Health and fitness amongst middle-class teenagers

Mei-Li Roberts, Wendy J. Wills, Julia Lawton, Kathryn Backett-Milburn, Donna MacKinnon

Research output: Contribution to conferencePoster


There is a growing concern with improving the diet and health of young people in Scotland, particularly in light of the ‘obesity epidemic’. This paper is based on a qualitative study in Scotland which focuses on higher social class families with young teenagers who are overweight, obese and ‘normal’ weight. In-depth interviews were held with boys and girls aged 13-14 years and their parents in order to explore their diet and eating practices, perceptions of body weight/size and health-related activities. The aim of this paper is to introduce the study and findings related to health and fitness amongst these middle-class families.
Many of the young people were involved in after-school sports of some kind and emphasised the importance of leading active lives in order to be ‘healthy’. Some thought that if someone was overweight or ate junk food that they would still be healthy as long as they exercised, and that the health of an individual could be judged by how well they performed at sports. Exercise was also seen as a way to maintain weight and boys in particular talked about building up muscle. These findings will be discussed in context of the importance of class.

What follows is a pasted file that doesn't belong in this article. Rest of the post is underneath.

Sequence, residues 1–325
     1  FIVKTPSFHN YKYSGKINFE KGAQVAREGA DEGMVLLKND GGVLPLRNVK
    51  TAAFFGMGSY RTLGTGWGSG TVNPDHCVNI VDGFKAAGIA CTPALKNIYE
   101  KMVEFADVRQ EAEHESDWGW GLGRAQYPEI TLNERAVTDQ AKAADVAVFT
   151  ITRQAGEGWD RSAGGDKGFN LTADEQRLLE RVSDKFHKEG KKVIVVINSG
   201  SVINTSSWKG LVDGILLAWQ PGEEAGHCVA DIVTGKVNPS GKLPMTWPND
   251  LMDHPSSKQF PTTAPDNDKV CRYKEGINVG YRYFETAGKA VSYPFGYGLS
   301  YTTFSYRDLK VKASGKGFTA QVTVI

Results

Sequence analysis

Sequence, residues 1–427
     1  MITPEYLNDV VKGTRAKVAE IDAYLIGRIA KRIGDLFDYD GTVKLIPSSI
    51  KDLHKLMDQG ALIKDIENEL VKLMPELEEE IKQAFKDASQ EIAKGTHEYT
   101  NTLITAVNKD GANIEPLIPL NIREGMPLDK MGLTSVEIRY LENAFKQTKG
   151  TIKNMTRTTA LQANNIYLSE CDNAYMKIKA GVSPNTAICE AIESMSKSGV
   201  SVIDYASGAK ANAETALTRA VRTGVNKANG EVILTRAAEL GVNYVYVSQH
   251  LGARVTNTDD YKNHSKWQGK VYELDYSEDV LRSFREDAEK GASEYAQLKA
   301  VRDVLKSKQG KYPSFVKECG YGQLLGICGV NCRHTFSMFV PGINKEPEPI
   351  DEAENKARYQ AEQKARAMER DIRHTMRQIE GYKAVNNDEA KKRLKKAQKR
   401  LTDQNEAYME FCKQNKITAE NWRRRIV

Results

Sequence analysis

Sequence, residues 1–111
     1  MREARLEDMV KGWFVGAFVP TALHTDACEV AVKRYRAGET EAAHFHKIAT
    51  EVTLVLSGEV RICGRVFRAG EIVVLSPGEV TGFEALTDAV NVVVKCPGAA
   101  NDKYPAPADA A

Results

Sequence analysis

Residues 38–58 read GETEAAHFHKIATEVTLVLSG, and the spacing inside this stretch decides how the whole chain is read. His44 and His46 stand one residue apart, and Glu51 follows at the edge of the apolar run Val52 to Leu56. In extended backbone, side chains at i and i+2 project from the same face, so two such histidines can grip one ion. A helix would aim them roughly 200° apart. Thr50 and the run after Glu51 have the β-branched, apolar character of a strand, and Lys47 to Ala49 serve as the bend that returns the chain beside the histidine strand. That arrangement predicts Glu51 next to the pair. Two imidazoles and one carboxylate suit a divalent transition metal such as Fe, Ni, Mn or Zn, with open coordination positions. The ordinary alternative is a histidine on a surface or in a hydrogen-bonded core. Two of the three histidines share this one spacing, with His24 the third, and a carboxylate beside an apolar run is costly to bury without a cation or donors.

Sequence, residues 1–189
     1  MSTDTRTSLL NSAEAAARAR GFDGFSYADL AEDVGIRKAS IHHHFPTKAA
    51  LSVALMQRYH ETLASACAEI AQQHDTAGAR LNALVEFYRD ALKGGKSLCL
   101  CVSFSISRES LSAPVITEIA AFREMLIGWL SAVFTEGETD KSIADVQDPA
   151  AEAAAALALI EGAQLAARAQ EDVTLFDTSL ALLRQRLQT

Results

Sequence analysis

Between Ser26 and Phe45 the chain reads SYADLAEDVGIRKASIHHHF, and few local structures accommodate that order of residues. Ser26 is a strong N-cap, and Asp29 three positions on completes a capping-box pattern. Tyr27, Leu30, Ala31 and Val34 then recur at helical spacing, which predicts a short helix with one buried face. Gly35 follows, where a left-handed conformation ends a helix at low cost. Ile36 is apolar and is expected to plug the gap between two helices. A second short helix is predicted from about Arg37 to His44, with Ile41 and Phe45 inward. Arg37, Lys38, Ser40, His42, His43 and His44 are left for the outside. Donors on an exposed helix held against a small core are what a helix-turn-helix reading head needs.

Original languageEnglish
Publication statusUnpublished - 2008
EventUKPHA 16th Annual Public Health Forum: Community Cohesion and Empowerment - Liverpool, United Kingdom
Duration: 1 Apr 20082 Apr 2008


ConferenceUKPHA 16th Annual Public Health Forum: Community Cohesion and Empowerment
Country/TerritoryUnited Kingdom


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